National Aperture Inc., Salem, NH
A manufacturer of precision parts and surgical components offers a set of manufacturing tools with laser cutting, marking, and welding capabilities. One of them, the StarCut 18 laser, provides high accuracy, repeatability, and cut quality. Most metal alloys can be processed while producing minimum dross and heat-affected zone. Low kerf widths of 13 µm can be achieved for tight geometry tolerances.
Peridot Corp., Pleasanton, CA
Microminiature ceramic technology
Ceramic injection molding (CIM) technology produces microminiature components with features as small as 18 µm. MicroCIM parts weighing as little as 0.0004 g can serve in a variety of applications where high temperatures and caustic environments preclude the use of most metals and engineered thermoplastics. The technology is a repeatable manufacturing process suited to either high- or low-volume components that are difficult, costly, or impractical to produce via traditional forming methods, according to the company.
Small Precision Tools, Petaluma, CA
A small, high-resolution incremental encoder is suitable for micromedical applications. The SCH09 has a diameter of 9 mm and offers line counts up to 1000 pulses per revolution. It can be used in handheld or desktop instruments, as well as in standard medical equipment. The encoder uses true lines on disk rather than interpolation between lower line counts to provide accuracy. The unit is supplied with a TTL output, can operate at 12,000 rpm, and has an operating temperature range of –20° to 70° C. It comes in either stand-alone or modular versions.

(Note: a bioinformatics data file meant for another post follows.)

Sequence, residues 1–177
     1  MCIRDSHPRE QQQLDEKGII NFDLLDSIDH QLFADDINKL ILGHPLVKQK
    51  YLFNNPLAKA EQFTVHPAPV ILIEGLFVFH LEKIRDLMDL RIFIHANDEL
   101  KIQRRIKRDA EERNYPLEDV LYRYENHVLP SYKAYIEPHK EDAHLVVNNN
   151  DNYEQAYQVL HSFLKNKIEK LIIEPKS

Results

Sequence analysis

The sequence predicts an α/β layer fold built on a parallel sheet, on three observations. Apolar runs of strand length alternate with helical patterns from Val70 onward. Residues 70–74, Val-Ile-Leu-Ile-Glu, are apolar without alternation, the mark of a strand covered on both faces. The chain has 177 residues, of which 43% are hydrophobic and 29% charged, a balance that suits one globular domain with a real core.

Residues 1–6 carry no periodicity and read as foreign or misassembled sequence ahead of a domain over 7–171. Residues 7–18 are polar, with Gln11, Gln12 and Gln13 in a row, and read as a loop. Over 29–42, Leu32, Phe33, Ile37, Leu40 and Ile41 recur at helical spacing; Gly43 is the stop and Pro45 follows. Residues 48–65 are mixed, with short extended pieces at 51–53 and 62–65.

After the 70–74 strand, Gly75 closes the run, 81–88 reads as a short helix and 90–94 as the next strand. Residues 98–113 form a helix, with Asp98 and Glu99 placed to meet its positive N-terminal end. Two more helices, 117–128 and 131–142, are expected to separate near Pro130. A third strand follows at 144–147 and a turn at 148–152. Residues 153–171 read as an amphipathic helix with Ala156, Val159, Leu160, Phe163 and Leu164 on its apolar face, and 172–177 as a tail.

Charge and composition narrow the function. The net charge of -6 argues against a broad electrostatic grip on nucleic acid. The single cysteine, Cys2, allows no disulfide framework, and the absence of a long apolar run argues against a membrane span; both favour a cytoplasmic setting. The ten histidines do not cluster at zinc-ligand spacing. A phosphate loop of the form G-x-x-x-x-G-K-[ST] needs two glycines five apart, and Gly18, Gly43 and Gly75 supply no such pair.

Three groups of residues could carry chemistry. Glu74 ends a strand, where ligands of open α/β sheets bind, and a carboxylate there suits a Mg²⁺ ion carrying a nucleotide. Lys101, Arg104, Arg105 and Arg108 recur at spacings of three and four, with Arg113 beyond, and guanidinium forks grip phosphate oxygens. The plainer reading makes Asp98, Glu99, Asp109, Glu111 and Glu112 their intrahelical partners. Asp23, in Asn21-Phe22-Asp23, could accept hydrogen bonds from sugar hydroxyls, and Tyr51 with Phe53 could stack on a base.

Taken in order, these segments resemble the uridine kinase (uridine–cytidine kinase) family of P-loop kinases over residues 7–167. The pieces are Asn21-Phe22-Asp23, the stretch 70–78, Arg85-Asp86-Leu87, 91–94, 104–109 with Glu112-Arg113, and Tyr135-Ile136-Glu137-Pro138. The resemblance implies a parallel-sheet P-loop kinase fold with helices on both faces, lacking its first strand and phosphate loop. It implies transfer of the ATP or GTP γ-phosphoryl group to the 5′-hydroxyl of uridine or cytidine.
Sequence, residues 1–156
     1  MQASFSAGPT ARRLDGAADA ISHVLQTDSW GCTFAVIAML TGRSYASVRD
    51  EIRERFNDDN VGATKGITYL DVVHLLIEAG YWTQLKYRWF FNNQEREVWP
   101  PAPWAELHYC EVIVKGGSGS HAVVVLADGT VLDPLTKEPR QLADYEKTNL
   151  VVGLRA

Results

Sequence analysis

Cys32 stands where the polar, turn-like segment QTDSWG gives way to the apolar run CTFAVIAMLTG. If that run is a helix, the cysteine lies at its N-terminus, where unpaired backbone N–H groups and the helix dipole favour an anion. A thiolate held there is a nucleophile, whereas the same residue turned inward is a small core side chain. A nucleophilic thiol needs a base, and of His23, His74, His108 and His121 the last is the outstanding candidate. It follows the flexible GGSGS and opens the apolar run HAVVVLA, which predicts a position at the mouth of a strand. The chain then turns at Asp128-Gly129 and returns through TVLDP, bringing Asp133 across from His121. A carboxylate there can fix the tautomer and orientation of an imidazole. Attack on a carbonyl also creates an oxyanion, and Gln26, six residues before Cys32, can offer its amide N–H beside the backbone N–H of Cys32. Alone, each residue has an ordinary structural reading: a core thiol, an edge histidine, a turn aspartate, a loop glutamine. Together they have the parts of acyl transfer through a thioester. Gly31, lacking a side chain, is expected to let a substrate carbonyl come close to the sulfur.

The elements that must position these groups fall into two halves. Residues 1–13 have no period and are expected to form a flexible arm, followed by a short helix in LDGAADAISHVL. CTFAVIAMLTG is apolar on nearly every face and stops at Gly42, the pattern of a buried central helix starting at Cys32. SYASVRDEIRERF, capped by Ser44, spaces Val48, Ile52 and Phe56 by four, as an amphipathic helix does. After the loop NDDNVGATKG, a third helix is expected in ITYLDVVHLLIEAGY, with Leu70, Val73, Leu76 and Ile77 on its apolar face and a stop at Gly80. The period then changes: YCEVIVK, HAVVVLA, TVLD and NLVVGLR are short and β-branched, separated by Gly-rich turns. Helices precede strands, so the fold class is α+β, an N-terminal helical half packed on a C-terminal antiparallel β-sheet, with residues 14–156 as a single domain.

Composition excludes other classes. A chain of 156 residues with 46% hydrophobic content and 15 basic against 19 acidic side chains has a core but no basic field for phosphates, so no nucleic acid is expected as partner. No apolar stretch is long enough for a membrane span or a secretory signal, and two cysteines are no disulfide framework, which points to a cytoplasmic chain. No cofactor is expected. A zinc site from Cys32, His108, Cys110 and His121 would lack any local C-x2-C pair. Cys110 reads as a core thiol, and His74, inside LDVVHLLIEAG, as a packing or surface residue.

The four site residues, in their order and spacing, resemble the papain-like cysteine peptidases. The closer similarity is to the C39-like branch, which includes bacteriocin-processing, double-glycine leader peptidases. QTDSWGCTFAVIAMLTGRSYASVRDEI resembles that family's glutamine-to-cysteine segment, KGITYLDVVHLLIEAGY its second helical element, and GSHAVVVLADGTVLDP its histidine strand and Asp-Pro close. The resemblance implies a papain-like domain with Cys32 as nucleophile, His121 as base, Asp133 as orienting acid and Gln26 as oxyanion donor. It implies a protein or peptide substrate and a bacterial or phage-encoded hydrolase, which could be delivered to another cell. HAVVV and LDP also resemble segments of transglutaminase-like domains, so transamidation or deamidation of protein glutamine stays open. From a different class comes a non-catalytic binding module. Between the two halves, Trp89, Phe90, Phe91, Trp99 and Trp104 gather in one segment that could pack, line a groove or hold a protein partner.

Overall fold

Scancon, Allerod, Denmark
EDM milling technology
Complete 3-D cavities can be achieved down to a scale of 10 µm, with accurate tolerances to 0.3 µm within high surface finishing of Ra 0.05 mm. The 3-D micro-EDM milling technology uses microinjection molding of microcomponents for fine details and tight tolerances. Medical applications range from development and prototyping up to serial production of systems and devices.
Sarix, Losone, Switzerland
A microwelder with precision function allows the user to perform controlled repairs on very small mold areas. The Weldmax increases mold life and reduces repair costs by up to 85%, according to the company. The unit features electronic controls that help produce strong, homogeneous weld patterns. The welder emits virtually no heat, preventing metal stress, distortion, and shrinkage. It is suitable for building up parting lines, mold seams, three-point corners, and edges; filling pores and pinholes; eliminating holes, sags, or pores following the argon welding process; repairing slides, ejectors, core pins, flat cores, and mold edges; eliminating machining defects caused by milling, countersinking, and wire EDM; and modifying the design of inserts, cores, and prototype molds.
Paul H. Gesswein & Company, Inc., Bridgeport, CT